Administrators at Capella University under College Loan Investigation
A few months ago, it came to light that financial aid administrators at many colleges across the U.S. were pushing students to take out school loans with companies that offered incentives to financial aid personnel. These loan companies would offer loan advisors a commission whenever they encouraged students to get their college loans through their company. Capella University, after beginning their own investigation into such practices, put financial aid director Tim Lehmann on a paid suspension after discovering that he has been paid more than $12,000 through one of the school's loan companies, Student Loan Xpress.
Now, university officials at Capella University have signed an agreement with the states of New York and Minnesota that sets certain provisions on their financial aid practices. According to TwinCities.com, the provisions of this agreement include:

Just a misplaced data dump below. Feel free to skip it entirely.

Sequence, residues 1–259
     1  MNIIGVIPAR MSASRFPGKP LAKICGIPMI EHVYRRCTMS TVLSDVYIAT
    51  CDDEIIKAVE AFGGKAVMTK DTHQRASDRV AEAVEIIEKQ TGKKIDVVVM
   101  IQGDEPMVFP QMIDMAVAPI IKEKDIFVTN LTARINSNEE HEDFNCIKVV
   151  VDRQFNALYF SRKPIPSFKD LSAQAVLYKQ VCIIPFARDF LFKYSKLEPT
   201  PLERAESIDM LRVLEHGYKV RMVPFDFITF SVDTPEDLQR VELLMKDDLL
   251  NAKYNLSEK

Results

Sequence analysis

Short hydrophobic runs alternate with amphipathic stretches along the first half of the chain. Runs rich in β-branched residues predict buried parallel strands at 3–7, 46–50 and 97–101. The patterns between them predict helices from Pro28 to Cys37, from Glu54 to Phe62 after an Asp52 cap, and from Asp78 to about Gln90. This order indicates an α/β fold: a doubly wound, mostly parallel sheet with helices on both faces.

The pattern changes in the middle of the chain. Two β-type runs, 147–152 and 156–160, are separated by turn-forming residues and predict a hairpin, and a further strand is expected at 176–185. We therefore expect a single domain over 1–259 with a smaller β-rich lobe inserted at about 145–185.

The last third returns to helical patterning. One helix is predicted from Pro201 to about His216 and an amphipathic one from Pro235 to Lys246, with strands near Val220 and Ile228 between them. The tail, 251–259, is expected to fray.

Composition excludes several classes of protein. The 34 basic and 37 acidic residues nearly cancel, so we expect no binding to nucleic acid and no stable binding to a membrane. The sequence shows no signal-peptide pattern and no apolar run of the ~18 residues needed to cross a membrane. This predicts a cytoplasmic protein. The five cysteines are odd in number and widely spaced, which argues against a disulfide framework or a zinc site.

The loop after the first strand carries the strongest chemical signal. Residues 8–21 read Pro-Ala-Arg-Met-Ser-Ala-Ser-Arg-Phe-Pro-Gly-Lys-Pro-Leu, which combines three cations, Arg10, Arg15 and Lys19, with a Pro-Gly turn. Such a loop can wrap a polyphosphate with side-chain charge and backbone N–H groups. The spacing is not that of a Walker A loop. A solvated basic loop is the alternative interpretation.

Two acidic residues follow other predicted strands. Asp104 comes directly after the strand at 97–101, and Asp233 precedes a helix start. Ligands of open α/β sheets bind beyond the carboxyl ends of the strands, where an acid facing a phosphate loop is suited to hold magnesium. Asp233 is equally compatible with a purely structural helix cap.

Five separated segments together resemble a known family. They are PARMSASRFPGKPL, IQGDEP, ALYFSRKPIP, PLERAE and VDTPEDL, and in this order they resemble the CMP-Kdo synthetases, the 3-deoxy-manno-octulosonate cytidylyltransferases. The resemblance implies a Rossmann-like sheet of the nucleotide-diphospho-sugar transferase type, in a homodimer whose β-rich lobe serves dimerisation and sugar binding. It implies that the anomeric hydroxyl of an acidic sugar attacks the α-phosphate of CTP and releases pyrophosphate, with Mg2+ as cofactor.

- Receiving anything of value from lenders in exchange for placing them on a list of recommended lenders given to students is prohibited. Employees of the college also are not allowed to receive gifts or other perks of value from lenders.
- The school must disclose the criteria it uses to select preferred lenders. Students also must be told they can select any lender, regardless of whether it is on the college's list.
- No lender that has an agreement to sell its loans to another lender can get on the preferred list unless it discloses that fact.
- The school must ensure that employees of lenders never identify themselves to students as university employees.
Capella University insists that many of the provisions of the agreement were already practices that the school abided by. In addition to Capella, 23 other colleges across the U.S. have signed similar agreements.